The monsoon delight ghevar, its flavour, varieties and its widespread alliance with the Teej festival.

Photo credit: Rakesh Kumar/Flickr

Photo credit: Rakesh Kumar/Flickr

Sweets and delicacies are made to celebrate occasions and festivals, and certain delicacies are especially attached to or identify with that. The variety of sweets and delicacies add flavour to our rich cultural heritage, and enrich our associations and everlasting memories of festivals.

Ghevar is one such sweet, and is made  in large quantities only during monsoon or sawan. This disk-shape sweet is made with all-purpose flour, deep fried in moulds, soaked in sugar syrup and then decorated profusely with thickened milk and dry fruits. One can find as many as 10 varieties of ghevar; be it plain ghevar or the classic one, mawa ghevar or malai ghevar, kesariya ghever and so on .

 

Ghevars being prepared in a traditional mould. Photo credit: Screengrab

Ghevars being prepared in a traditional mould. Photo credit: Screengrab

The extremely liked sweet is linked with the Haryali Teej, marked on the third day of new moon of August. The Haryali Teej has paramount importance among sawan festivities and is celebrated with great fervour, joy and enthusiasm by womenfolk.

They dress up beautifully in green, yellow or red like newlyweds, put henna on their hands, dance, sing songs, and ride swings. The extent of this festival can be traced through states of Rajasthan, Haryana, Western Uttar Pradesh, Punjab and Himachal.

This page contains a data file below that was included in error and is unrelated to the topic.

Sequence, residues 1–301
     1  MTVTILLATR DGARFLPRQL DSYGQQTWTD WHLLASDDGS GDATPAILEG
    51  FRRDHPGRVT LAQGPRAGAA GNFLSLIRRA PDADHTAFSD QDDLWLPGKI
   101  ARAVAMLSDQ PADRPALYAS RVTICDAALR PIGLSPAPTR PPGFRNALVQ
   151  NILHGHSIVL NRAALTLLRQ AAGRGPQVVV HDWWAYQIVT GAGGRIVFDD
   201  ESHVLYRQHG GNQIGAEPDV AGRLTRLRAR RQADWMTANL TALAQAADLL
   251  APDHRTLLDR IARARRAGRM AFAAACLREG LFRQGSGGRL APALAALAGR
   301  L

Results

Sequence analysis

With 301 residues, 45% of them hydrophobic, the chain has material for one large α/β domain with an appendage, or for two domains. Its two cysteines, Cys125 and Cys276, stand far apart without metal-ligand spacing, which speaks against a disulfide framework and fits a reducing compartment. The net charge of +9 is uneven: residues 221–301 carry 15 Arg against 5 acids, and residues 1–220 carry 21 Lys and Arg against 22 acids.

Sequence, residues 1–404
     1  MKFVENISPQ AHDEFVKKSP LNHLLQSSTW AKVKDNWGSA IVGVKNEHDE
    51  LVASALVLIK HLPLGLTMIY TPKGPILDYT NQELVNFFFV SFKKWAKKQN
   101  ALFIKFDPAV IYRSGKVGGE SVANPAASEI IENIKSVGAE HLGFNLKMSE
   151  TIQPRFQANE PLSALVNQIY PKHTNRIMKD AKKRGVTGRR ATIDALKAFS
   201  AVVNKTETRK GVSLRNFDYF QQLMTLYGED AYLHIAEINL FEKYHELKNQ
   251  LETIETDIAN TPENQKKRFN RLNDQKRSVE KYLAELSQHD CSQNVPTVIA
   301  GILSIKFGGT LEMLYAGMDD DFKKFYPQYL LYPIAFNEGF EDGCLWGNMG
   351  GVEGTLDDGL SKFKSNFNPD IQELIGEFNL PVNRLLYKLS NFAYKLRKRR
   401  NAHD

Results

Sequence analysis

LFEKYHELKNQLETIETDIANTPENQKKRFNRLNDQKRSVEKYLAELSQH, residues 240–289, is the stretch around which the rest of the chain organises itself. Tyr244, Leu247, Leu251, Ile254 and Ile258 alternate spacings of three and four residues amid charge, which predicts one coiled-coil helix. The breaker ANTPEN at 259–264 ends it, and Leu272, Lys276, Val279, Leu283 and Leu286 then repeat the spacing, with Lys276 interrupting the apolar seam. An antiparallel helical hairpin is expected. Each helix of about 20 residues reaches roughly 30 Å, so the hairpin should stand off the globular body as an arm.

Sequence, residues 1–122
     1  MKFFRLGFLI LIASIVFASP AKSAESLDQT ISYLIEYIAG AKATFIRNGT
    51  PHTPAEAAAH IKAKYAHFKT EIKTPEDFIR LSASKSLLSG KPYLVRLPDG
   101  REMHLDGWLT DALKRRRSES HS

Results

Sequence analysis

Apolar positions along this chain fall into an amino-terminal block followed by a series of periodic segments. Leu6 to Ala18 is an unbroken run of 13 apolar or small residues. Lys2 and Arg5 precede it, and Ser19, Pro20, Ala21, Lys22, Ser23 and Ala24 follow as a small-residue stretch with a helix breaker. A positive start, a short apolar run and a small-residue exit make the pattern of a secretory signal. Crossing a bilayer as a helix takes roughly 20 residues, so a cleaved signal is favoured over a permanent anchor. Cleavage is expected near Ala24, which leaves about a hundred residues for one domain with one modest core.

The revelry of teej is incomplete without ghevar that is meant only for this occasion and one can’t find it a week after the festival is over. The reason being that the honeycomb shape and formations require the moist air of monsoon and to maintain the softness.

During sawan, all sweet confectioneries among these states are full of various varieties, but Jaipur is believed to be the oldest centre. It is believed that it has its genesis from Persia from where it traveled with other traditions to India during the Mughal era. The ghevars from Lucknow and Bagpat (UP), Sonepat (Haryana), Chandani Chowk in Delhi, Mathura and Jaipur are considered of good quality.

Stacks of freshly-made ghevar are ready to be sold in Hyderabad. Photo credit: Food Drifter/Flickr

Stacks of freshly-made ghevar are ready to be sold in Hyderabad. Photo credit: Food Drifter/Flickr

Furthermore, ghevar is a carrier of love, care and blessings of parents to their married daughters. Ritually the ghever is core item among gifts sent to daughters on this day with blessing for a blissful married life. The month of sawan is allied with Lord Shiva and his union with Parvati, as they are considered the eternal cosmic pair, parents do bless their daughters for the same.

Customarily,  women get such gifts from their mother-in-laws on teej in their first year of marriage, and after that, ghevar and gift are sent by their parents every consecutive year.

This custom is same similar across all these states with little variations, but ghevar is the common ingredient in them all.

Though the countenance of teej is changing in larger cities with passing time, the sweetness of ghevar that carries blessings remains with little change and addition.

 

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The monsoon delight ghevar, its flavour, varieties and its widespread alliance with the Teej festival. Sweets and delicacies are made to celebrate occasions and festivals, and certain delicacies are especially attached to or identify with that. The variety of sweets and delicacies add flavour to our rich cultural heritage, and enrich our associations and...